Vegetarian's Japan Guide

Hōonji Temple and the Rakan Statue Doing the Big Heart Pose

When the Gautama Buddha was alive, he had many disciples. While they are commonly known as the Five Hundred Disciples (五百羅漢). The number, five hundred, illustrates the greatness of the quantity. Because each of them had learned directly from the Gautama Buddha and was on the way to enlightenment, they were worshipped and enshrined in Buddhist temples.

About Hōonji Temple

One of the temples in the world where you can meet the Five Hundred Disciples is Hōonji (報恩寺) in Morioka. The 500 wooden Rakan statues were completed between 1731 and 1735 by nine sculptors of Buddhist images. Although one of them is missing, it is still astonishing to see so many statues in one place. And surprisingly, they have different facial expressions and body language.

Hōonji was erected in 1394 as a Sōtō sect (曹洞宗) temple in Aomori‘s Sannohe (三戸) to pray for the ancestors of the Nanbu clan. When the family moved to Morioka, the temple was relocated together.

The temple’s Sanmon Gate (山門) is magnificent. The two-story building was completed in 1978 and has various delicate carvings applied throughout. The worship area on the second floor has a Kannon Bodhisattva and deities enshrined.

Hōonji is also one of the few spots in Morioka where you can see a building from Morioka Castle. Although the castle was dismantled in the Meiji Restoration, one of the castle’s gates was relocated to Hōonji as its Sanmon Gate. It was moved backward and renamed as the Chūmon Gate (中門) to enable the construction of the current Sanmon Gate.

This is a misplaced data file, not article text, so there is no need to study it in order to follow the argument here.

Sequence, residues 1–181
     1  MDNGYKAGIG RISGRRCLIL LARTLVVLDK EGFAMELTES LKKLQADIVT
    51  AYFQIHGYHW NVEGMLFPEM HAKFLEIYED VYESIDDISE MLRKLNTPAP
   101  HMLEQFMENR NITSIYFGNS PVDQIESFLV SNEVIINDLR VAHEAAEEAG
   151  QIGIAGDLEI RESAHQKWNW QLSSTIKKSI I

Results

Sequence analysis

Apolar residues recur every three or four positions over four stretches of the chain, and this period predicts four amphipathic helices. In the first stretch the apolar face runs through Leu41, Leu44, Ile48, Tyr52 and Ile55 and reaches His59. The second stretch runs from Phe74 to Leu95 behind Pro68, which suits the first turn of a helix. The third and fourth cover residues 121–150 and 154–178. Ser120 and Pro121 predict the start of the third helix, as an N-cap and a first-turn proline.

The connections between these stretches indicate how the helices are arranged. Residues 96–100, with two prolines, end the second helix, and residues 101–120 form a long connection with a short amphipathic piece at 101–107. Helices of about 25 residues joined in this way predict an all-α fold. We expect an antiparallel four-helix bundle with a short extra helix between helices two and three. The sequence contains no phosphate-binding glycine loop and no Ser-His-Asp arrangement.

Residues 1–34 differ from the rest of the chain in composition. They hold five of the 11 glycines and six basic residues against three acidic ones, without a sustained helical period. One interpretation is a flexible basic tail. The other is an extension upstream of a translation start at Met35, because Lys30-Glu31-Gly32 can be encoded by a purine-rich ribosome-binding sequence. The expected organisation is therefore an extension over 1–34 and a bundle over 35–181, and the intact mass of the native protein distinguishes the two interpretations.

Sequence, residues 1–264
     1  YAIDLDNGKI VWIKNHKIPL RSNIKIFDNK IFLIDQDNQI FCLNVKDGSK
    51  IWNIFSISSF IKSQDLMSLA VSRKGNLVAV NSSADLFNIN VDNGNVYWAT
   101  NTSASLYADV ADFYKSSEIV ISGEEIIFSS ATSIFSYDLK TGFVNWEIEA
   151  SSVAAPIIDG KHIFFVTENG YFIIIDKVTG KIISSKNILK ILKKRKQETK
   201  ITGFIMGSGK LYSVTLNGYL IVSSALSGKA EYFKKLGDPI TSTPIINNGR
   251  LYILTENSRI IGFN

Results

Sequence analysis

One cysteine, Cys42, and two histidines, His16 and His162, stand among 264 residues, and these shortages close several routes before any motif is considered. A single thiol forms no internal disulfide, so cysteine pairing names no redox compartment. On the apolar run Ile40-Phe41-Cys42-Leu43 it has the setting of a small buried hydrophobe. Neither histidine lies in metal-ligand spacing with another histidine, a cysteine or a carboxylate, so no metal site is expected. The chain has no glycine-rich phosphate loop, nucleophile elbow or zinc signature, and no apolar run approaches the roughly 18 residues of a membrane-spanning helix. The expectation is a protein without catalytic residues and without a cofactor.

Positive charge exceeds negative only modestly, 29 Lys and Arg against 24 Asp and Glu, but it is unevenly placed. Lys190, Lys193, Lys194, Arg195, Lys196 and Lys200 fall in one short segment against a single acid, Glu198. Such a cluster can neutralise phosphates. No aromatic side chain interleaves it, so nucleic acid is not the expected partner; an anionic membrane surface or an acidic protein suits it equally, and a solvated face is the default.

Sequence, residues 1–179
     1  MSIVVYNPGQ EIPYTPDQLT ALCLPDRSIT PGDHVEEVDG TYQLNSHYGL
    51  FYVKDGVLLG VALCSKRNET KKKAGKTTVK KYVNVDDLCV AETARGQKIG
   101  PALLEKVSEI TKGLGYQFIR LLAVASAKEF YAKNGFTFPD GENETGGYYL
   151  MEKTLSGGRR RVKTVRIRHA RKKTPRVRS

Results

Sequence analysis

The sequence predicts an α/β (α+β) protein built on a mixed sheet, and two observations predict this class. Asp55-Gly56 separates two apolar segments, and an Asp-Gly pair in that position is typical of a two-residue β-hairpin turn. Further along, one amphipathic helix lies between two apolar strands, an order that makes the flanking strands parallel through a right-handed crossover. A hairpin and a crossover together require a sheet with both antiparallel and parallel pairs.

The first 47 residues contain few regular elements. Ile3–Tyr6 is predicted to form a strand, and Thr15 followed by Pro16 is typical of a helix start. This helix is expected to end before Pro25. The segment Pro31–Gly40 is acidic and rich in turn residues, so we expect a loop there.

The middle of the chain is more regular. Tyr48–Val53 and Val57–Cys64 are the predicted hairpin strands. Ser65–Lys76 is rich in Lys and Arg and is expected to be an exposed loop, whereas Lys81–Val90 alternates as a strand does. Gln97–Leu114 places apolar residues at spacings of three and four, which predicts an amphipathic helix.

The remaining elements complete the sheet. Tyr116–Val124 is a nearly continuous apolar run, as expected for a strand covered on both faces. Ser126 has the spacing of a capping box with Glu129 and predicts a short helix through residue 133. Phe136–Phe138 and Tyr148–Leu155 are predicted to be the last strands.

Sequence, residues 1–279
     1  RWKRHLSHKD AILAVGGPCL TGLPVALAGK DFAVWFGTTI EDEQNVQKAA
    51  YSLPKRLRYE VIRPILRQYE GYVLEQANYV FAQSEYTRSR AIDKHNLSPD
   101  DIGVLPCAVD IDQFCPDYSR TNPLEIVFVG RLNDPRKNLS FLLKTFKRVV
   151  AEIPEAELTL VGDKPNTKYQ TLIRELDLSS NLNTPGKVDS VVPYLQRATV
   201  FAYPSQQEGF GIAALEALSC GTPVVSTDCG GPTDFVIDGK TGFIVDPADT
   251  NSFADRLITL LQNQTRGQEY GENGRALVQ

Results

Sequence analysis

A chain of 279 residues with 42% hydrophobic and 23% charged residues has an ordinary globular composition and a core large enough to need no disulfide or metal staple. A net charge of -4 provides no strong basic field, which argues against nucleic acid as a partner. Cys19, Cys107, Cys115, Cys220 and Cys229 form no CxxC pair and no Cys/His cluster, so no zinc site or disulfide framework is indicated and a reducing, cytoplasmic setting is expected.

Refer to HERE for Hōonji’s map.

Hōonji’s Rakan-dō Hall (羅漢堂)

From the Sanmon Gate, walking towards the main worship hall, there is a Rakan-dō Hall on the left. The building, completed in 1735 and renovated between 1850 and 1851, is where the 499 Rakan (Disciple) statues are enshrined. To see the statues, you need to pay the admission fee at the reception in Hōonji’s main hall. The main hall is connected with the Rakan-dō.

The Rakans’ facial and body language is expressive and even humorous. You can almost hear a conversation between the disciples or what they are thinking. We even found a Rakan doing the big heart pose! It is almost like Rakan’s sculptor traveled to the future and saw the big heart pose that we do nowadays for photos!

Moreover, it is said that one of the disciples would look like you. The clothes they wear aren’t restricted to one country. So how about finding the one that resembles you the most? Some even find one disciple who looks like Marco Polo (the 3rd photo in the IG post)!

Lastly, remember to look up at the ceiling for the lively dragon painting (albeit it is weathered)!

In Buddhism, a Rakan is a status name given to a person who has attained enlightenment through ascetic practices. In today’s terms, it is similar to a degree given to a student after he has finished all the required studies.

Hōonji Temple’s Opening Hours, Admission Fee, and Access Information

  • Hōonji is open from 9 am to 4 pm.
  • The admission fee is:
    • 300 yen for adults
    • 100 yen for elementary school students.
  • From JR Morioka Station, take a bus and get off at Kitayama (北山). The temple is then a 5-minute walk.
  • If you take the Loop Bus Dendenmushi-gō, the temple is a 12-minute walk from the bus stop, Honchōdōri Ichi-chōme (本町通一丁目).

Discover the Must-Visit Attractions in Morioka

Azumaya Honten Morioka Iwate Japan
Click the photo for travel ideas in Morioka!

When you hear of Morioka, Wanko Soba and Morioka cold noodles are probably the two first things that come to mind. But the city isn’t just about food. It also has many cultural attractions, hot springs, nature and more!

So refer to our Morioka article for ideas about where to stop by when visiting Iwate Prefecture’s capital city!

Leave a Comment

Your email address will not be published. Required fields are marked *